Sweden is a lovely country that doesn't get enough credit. We have it to thank for things like ABBA and Swedish Meatballs, but those are not the only important things to know about this country. It has an interesting and sometimes quirky history, and there is a lot you probably haven't heard about it. Here are three weird things about Sweden you never knew. Some of them may surprise you!

ABBA's Stage Outfits Were (Literally) Just for Show

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You don't have to have been a fan of the band ABBA to have heard about their flashy, flamboyant stage outfits. Some of them were just plain absurd, but most people just accepted that it was their style and just a way that they expressed themselves. These people, however, were wrong. While ABBA surely had fun in these over-the-top getups, they were actually a way to avoid paying taxes. In Sweden, you have to pay taxes on clothes that are made for everyday use, but not on outfits that are meant for other purposes. So, ABBA came up with some truly out-there costumes so that no one would think that they could be used as everyday, walking-around clothes. They probably saved a lot of money that way!

Sweden's Parental Leave Will Make You Jealous

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In Sweden, parenting a new baby is of the utmost importance. While in other countries a mother can take a few weeks to a few months off work after giving birth, in Sweden parents can take an incredible 480 days. That's more than a year! Sweden wants parents - both parents, not just new mothers - to spend as much time with their children as possible, so they give them ample time to connect with their newborns without worrying about job security. For the majority of this leave time, parents usually get 80 percent of their salary as long as they have been working in Sweden for 240 days and have faithfully paid their taxes. If you have not been working in Sweden for 240 days, you can still take 480 days off, but you will only receive 250 SEK per day, which is equal to around $26 USD.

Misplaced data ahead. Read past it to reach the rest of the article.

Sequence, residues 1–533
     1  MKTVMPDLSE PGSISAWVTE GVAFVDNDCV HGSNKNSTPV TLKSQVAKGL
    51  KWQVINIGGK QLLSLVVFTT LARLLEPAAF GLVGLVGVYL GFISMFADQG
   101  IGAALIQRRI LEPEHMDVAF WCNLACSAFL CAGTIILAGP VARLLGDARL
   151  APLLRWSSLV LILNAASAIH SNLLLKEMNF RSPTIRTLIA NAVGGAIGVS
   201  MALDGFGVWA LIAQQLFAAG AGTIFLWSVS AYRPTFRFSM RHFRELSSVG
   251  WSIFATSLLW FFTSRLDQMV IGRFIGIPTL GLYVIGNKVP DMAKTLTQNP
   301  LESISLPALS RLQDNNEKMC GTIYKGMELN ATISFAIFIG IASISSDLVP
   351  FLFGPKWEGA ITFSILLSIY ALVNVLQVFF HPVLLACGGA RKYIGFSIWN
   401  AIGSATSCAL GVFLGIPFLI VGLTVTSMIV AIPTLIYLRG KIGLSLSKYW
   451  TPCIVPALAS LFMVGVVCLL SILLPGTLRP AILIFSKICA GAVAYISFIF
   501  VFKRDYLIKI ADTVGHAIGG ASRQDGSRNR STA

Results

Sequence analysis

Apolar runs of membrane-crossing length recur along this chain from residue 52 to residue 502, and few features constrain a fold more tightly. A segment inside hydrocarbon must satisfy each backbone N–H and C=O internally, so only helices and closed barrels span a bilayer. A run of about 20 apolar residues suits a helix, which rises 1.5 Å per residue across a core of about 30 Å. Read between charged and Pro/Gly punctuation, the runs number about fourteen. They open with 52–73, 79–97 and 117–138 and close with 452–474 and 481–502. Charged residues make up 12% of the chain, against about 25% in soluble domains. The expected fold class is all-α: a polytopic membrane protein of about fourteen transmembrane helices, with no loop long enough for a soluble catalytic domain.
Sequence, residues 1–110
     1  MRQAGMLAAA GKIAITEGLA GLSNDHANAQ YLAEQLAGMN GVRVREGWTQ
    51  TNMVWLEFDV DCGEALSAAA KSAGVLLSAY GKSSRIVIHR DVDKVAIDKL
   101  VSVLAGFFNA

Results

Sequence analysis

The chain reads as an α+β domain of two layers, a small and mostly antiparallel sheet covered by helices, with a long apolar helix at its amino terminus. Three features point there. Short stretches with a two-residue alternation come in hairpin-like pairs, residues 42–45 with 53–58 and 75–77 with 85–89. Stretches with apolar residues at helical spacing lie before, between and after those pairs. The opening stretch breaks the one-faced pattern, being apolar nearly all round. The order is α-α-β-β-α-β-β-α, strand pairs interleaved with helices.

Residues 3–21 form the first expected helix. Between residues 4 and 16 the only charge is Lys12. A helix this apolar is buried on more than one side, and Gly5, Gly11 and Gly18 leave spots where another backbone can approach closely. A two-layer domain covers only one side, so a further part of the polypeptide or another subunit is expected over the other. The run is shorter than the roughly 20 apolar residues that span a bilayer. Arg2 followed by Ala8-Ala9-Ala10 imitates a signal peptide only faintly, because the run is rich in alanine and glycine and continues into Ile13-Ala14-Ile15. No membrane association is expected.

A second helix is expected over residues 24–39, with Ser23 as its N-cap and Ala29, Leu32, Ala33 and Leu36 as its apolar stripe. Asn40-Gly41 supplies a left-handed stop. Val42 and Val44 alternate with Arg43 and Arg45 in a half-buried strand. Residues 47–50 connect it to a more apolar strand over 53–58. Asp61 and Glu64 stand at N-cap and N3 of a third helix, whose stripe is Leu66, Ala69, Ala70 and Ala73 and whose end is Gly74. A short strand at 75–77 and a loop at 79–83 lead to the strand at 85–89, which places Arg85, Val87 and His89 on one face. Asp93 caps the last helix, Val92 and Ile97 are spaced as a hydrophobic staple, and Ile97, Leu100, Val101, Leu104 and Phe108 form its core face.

Sweden's Twitter Page Used to Be Run by Well... Everyone

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Starting in 2011, Sweden began an experiment in freedom of speech by allowing one random citizen to be in charge of the country's official Twitter account every week. People could make posts on almost any topic they wanted - and they did just that. Some people posted about clothes, other people posted about comic books and manga, and still others posted on more serious topics, like the risks inherent in prescription drugs. These posts were usually in English and they were usually funny or full of important facts, but at times they drew the ire of the country's leaders. The account had more than 147,000 followers from all over the world, and was ultimately seen as a big hit. Sweden has had anti-censorship laws in place since 1766, something that not many other countries can say. While this Twitter account was sadly shut down at the end of 2018, Sweden is looking to create something even bigger and better to replace it with.